Doulas can help inform the parents about their right to be included as much as possible in child care during the stay in the NICU, i.e. diaper change, calming baby down, breastfeeding if possible, and doing as much skin-to-skin as possible, which will also help with the bonding experience. Parents may also be able to bring a t-shirt or other clothing item that has their smell on it for the baby to have close by as well as clothes for baby to wear while staying in the hospital. Parents have the right to be informed about all that is happening with their child and should be able to ask as many questions as needed be in order to be fully informed about their child’s well-being. If parents are unavailable to spend time with the child, the NICU often allows parents to list two other people who can be with the child without the parents present. Siblings are also usually welcome to visit. Alternative treatment options such as acupuncture or craniosacral therapy may be allowed in the hospital. If needed, parents have the right for a second opinion. It can be helpful to gently remind parents that the doctors in the NICU are neonatologists, which means they are pediatricians specializing in prematurity and underdeveloped, sick children. A regular out-of-hospital pediatrician might not have the knowledge nor the expertise to answer specific questions or make recommendations about their child’s health at this stage.

Emotional Support

When our clients go through a grieving process, doulas provide emotional support in the following ways:

  • reflect back what the parents have shared,
  • use open-ended and tentative statements,
  • make a tentative summary of the information shared,
  • use attentive silence,
  • be compassionate,
  • don’t try to make the parents feel better,
  • accept that they will be sad, and
  • learn to sit with them during their grief.

If parents worry over much, the doula can point out all the ways in which the baby is developing properly. Examples may include baby is turning her/his head when they hear the parent talk, cries when hungry, tired, and/or overwhelmed, calms down in parents arms (sometimes with the doula’s help), has an appropriate response after being fed, wakes up frequently for feedings, stays awake longer as baby gets older, tracks things with his/her eyes, startles when there is a loud noise, and baby is gaining weight. These are all good ways for the parents to see that their baby is developing well and growing as needed. It also shows that the parents are taking good care of their child and that their child thrives in their care. That confidence can help tremendously with bonding.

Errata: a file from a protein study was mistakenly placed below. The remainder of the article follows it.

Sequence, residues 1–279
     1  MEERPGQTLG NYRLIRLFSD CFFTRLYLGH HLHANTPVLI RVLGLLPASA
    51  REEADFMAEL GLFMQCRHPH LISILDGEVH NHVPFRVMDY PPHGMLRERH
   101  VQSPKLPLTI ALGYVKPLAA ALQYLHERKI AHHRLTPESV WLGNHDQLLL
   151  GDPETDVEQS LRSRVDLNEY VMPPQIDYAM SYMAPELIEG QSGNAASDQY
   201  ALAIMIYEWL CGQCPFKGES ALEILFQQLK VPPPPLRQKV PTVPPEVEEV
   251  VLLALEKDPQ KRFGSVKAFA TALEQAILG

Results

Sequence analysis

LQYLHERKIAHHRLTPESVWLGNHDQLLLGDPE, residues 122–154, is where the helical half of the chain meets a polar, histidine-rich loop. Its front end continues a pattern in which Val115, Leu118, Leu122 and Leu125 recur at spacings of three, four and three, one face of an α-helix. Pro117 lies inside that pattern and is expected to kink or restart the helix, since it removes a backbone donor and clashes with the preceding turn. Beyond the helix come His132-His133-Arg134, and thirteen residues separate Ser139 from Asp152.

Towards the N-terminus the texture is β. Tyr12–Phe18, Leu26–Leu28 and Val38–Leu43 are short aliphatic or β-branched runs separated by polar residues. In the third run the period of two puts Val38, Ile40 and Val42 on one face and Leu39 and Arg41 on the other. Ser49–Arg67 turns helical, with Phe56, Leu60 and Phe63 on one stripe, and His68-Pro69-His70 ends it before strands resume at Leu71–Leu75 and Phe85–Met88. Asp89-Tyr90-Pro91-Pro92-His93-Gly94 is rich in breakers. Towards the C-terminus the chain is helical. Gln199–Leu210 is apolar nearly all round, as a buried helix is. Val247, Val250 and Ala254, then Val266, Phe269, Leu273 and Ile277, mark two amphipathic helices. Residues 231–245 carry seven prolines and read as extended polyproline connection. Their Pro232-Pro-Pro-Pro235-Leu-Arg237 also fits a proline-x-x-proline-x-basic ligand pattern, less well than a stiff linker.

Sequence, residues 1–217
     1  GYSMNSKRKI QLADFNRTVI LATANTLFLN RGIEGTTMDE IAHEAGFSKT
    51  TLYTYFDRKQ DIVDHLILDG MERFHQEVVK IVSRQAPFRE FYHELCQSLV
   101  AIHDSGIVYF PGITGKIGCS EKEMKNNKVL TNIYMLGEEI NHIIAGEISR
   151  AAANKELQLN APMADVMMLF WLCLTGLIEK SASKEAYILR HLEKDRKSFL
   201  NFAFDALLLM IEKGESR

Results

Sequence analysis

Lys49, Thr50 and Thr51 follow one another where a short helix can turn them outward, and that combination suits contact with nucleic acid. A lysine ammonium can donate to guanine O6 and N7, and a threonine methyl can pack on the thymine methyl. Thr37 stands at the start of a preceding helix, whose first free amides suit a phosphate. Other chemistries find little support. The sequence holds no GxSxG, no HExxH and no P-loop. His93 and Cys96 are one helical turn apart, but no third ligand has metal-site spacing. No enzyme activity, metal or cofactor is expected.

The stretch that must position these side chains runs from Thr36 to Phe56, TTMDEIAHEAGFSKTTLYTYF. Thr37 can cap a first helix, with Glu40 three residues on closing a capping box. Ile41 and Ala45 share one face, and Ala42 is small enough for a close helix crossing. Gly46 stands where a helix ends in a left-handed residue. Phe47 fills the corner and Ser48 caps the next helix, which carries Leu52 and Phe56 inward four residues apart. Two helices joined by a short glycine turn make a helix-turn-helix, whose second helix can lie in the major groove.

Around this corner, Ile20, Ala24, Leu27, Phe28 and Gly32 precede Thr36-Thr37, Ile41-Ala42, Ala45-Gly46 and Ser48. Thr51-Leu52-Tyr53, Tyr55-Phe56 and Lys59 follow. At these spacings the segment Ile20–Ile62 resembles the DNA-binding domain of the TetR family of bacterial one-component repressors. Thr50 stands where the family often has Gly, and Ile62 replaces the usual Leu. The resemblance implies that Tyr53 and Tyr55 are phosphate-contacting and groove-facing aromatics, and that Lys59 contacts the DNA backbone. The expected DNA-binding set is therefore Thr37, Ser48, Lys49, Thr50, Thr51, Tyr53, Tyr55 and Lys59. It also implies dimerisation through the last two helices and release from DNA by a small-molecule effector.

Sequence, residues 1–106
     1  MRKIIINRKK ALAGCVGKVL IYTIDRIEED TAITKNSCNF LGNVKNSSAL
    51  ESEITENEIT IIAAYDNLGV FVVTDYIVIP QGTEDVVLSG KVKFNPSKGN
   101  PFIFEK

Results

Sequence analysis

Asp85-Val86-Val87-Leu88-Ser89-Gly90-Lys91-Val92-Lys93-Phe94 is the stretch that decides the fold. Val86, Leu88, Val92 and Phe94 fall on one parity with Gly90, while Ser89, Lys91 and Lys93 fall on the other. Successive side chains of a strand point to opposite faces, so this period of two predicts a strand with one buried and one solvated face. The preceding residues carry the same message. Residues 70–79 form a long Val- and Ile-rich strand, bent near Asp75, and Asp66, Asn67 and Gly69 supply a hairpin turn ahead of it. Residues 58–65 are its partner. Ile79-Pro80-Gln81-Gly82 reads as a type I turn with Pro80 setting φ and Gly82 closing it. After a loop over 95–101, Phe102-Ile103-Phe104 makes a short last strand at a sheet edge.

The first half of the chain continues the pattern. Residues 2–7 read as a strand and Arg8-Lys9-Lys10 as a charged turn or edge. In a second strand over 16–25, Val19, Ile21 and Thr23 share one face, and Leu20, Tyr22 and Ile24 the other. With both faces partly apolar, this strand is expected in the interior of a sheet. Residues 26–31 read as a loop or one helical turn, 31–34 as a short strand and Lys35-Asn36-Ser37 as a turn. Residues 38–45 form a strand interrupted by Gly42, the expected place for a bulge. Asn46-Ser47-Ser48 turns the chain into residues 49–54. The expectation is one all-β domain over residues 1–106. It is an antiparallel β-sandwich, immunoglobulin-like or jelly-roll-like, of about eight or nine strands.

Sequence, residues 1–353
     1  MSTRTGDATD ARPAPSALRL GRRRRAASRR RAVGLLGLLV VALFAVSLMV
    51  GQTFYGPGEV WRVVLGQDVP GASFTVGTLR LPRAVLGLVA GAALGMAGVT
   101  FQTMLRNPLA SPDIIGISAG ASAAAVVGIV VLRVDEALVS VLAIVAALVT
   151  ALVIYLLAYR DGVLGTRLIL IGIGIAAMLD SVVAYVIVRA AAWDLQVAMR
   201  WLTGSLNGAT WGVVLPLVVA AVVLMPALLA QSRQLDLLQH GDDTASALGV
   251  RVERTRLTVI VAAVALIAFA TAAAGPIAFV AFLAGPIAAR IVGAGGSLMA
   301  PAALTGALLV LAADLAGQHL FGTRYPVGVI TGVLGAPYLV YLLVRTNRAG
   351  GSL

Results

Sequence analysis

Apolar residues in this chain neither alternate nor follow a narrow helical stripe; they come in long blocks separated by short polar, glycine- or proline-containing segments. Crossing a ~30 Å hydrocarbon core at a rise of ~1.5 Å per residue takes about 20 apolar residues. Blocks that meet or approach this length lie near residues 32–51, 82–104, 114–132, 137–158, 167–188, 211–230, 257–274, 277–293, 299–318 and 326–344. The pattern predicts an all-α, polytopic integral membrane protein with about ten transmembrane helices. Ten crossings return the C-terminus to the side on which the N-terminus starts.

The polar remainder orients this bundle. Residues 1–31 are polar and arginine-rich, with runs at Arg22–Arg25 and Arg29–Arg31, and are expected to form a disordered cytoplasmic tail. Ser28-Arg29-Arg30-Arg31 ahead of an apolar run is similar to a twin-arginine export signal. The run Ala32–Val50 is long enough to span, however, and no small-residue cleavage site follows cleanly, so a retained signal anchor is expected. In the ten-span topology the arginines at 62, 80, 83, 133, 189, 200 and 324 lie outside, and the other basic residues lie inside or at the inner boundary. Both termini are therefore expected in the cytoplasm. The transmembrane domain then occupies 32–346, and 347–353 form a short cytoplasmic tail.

Support Bonding with Siblings & Extended Family

Older siblings and other family members can hold the baby once the baby is released from the hospital. They can get involved in childcare at home, take baby on walks, and lend an extra hand so the parents can take a shower, eat something, or have a moment to themselves. It gives these other family members an opportunity to bond with the baby as well.


There are extensive online resources for specific medical conditions that may help both the doula and the family. As always, look for evidence-based resources from reliable sources. Support groups both online and in-person can provide an important source of connection and help parents navigate the medical system.

March of Dimes offers a number of resources on prematurity including articles, Twitter chats, and a blog. This is a highly respected resource that goes out of their way to make sure their information is very readable for non-medical professionals.

The National Coalition for Infant Health’s mission is education and advocacy on behalf of premature infants and their website also offers information and resources. Included in their resources for parents list are organizations that provide financial support for medical expenses for families with a premature baby, advocacy organizations, and more. Their resources for professionals includes links to regional organizations focused on prematurity (scroll to the bottom).

A toolkit for transitioning home from the NICU is available from the Agency for Healthcare Research & Quality, which operates under the U.S. Department of Health & Human Services. It includes information sheets on specific conditions or situations such as a feeding tube.


About the Author

postpartum doula

Kathrin Auger was first called to the perinatal field in 1993 while in Switzerland working as an NICU nurse. She retired from nursing after her move to the United States in 2002. Her years of conventional medical training fed her desire to step outside the typical medical model and go deep into more personal care during the perinatal period. She is a DONA International certified and postpartum doula and became a DONA International approved postpartum doula trainer in 2007. Kathrin has also acquired other certifications in the childbirth field. She is passionate about helping parents have a smooth transition into parenthood and committed to supporting them with informed decision-making. Kathrin lives a life full of laughter with her husband and two boys in Los Angeles, CA.